Kybel's World

Kybel's World

by Mary E. Williams

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Overview

Kybel's World by Mary E. Williams

Kybel is a tribesman of a primitive society. When he sets off on what should have been a simple hunting trip, his life is changed forever. A massive storm keeps him from returning to his people. While struggling to get home, he experiences a near fatal fall that means certain death—until he is rescued by a mysterious advanced society.

Under the care of this alien civilization, Kybel’s life is dramatically altered as he learns of technology, philosophy, and a modern way of life that he never dreamed existed. Upon returning to his own people, though, he faces a difficult choice. Does he stay with his tribe and teach them all he has learned, or does he choose a different path?

He feels pulled to return to the advanced civilization that not only saved him but now also feels like home, partially due to the woman he has come to love. Unknown to him, his decisions will soon bring him face to face with the greatest challenge of his life: a fight against an alien race that threatens to destroy all he cares about, in this world and others.

Product Details

ISBN-13: 9781532010170
Publisher: iUniverse, Incorporated
Publication date: 11/29/2016
Pages: 346
Product dimensions: 5.50(w) x 8.50(h) x 0.77(d)

Read an Excerpt

Kybel's World


By Mary E. Williams

iUniverse

Copyright © 2016 Mary E. Williams
All rights reserved.
ISBN: 978-1-5320-1017-0


CHAPTER 1

Kybel was a young man in the ways of his people. He was trying hard to impress the elders of his tribe. This morning Kybel was taking his turn hunting for food.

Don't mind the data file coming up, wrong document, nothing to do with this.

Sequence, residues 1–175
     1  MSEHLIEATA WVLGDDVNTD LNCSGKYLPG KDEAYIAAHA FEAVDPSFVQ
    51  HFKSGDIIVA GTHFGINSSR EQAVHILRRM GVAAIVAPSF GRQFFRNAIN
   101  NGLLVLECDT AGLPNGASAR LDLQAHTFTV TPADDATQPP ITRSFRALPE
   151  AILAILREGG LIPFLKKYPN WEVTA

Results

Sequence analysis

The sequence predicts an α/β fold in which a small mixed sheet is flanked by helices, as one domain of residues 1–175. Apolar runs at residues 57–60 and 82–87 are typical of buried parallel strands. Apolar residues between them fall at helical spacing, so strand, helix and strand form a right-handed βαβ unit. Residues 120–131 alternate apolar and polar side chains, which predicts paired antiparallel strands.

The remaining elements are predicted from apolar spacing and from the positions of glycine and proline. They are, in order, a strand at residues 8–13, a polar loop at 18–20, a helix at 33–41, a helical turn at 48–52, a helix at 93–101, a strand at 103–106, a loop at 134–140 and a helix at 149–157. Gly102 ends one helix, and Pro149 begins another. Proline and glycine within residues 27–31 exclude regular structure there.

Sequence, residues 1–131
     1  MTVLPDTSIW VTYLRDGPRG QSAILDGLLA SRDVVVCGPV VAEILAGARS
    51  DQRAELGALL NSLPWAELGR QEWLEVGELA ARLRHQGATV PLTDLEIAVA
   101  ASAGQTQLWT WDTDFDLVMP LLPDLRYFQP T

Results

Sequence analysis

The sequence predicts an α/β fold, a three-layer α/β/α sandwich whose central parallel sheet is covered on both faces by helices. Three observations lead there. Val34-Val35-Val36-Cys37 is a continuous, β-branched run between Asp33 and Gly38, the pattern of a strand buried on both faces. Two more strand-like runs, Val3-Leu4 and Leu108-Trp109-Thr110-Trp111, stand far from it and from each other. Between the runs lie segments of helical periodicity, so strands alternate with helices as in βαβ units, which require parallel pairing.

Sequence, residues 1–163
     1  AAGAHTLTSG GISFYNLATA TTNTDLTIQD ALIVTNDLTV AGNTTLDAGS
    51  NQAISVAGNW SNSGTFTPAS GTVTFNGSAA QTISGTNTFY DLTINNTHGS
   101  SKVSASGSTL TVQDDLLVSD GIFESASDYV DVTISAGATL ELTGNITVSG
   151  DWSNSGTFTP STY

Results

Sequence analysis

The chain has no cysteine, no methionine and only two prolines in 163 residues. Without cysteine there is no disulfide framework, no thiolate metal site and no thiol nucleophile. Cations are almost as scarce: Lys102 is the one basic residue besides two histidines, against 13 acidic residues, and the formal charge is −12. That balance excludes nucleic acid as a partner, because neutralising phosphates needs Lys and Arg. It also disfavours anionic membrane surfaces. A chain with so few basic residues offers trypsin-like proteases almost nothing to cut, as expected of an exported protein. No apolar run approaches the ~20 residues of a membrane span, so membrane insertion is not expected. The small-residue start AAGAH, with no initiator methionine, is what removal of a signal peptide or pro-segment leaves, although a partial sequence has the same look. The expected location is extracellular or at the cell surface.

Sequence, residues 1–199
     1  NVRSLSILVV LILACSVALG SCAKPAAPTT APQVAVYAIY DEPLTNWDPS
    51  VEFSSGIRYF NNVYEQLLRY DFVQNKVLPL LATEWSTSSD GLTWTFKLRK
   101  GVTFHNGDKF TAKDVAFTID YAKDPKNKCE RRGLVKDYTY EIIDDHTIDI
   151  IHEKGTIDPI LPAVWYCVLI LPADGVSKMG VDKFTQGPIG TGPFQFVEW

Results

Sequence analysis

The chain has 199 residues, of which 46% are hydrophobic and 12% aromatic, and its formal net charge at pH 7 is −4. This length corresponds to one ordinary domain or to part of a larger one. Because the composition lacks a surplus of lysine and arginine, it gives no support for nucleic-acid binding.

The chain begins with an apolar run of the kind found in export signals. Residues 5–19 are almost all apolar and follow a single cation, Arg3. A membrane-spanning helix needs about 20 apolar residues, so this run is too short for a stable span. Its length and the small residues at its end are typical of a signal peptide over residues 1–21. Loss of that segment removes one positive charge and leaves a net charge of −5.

Taking the path down the mountain from his Uplands village, he paused before making his way to the flats below.

He looked down upon the flats from the high ledge where he lay in watch of game. The world looked immense and awe-inspiring. Below were large green patches of huge fern-like trees and open plains of flowing grass where many creatures, large and small, fed each day. Far to the northeast was a large blue blotch that provided water for the animals.

The wind blew through Kybel's long, dark brown hair. Today it was not cold enough to require more than his thin, sleeveless, jerkin and his soft, suede leggings.

Kybel began a slow descent to the lower lands, being careful to make as little noise as possible. A large creature that his people called the hapru was often seen at this level of the mountain. It walked upright just like men. It had hair, golden to dark brown, covering its body. The hapru was not a killer, but legend tells that it had killed out of fear. Considering the size and strength of the creature, it was best not to frighten it.

Often the elders told stories at night around the tribal fires of encounters with the hapru. The stories were of men having come very close to communicating with this creature. Though the hapru seemed to have a language of their own, both past and present generations had been unable to master their so-called speech. Usually, an encounter with the hapru ended in a hasty retreat by the giant beings, leaving little opportunity for attempted conversation.